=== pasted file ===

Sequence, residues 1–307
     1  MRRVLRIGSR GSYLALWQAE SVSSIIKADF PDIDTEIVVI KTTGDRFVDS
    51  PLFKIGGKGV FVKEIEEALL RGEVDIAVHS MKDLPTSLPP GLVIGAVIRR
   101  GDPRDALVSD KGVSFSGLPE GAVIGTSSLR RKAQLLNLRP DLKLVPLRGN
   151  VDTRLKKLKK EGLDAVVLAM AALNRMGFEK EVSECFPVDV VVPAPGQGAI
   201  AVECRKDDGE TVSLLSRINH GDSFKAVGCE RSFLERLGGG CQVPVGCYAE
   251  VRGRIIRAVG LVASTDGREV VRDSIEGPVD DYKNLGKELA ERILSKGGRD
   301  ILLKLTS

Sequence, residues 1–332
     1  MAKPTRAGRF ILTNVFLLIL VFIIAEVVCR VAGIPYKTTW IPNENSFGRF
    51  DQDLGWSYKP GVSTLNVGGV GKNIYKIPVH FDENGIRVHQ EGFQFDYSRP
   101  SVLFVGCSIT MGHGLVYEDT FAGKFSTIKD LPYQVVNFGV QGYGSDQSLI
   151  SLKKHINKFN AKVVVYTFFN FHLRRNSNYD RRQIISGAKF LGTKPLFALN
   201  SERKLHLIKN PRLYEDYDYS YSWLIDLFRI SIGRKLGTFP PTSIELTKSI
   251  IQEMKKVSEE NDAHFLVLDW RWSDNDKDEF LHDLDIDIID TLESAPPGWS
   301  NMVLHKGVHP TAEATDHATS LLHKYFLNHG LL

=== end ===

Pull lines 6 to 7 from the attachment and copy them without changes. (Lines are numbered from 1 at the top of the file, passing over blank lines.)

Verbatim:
   201  AVECRKDDGE TVSLLSRINH GDSFKAVGCE RSFLERLGGG CQVPVGCYAE
   251  VRGRIIRAVG LVASTDGREV VRDSIEGPVD DYKNLGKELA ERILSKGGRD